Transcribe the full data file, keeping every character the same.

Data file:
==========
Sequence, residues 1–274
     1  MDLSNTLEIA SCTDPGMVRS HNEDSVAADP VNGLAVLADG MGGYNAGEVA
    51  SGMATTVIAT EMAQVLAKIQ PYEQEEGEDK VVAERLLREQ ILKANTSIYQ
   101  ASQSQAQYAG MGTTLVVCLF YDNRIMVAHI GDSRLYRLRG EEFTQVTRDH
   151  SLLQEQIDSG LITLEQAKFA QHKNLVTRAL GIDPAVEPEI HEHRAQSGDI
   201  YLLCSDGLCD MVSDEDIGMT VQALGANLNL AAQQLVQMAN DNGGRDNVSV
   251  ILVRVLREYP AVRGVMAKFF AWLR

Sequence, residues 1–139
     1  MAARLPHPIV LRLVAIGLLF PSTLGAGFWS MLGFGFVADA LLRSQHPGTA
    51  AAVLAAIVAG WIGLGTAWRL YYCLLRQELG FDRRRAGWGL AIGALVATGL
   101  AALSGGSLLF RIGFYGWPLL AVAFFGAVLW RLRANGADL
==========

Sequence, residues 1–274
     1  MDLSNTLEIA SCTDPGMVRS HNEDSVAADP VNGLAVLADG MGGYNAGEVA
    51  SGMATTVIAT EMAQVLAKIQ PYEQEEGEDK VVAERLLREQ ILKANTSIYQ
   101  ASQSQAQYAG MGTTLVVCLF YDNRIMVAHI GDSRLYRLRG EEFTQVTRDH
   151  SLLQEQIDSG LITLEQAKFA QHKNLVTRAL GIDPAVEPEI HEHRAQSGDI
   201  YLLCSDGLCD MVSDEDIGMT VQALGANLNL AAQQLVQMAN DNGGRDNVSV
   251  ILVRVLREYP AVRGVMAKFF AWLR

Sequence, residues 1–139
     1  MAARLPHPIV LRLVAIGLLF PSTLGAGFWS MLGFGFVADA LLRSQHPGTA
    51  AAVLAAIVAG WIGLGTAWRL YYCLLRQELG FDRRRAGWGL AIGALVATGL
   101  AALSGGSLLF RIGFYGWPLL AVAFFGAVLW RLRANGADL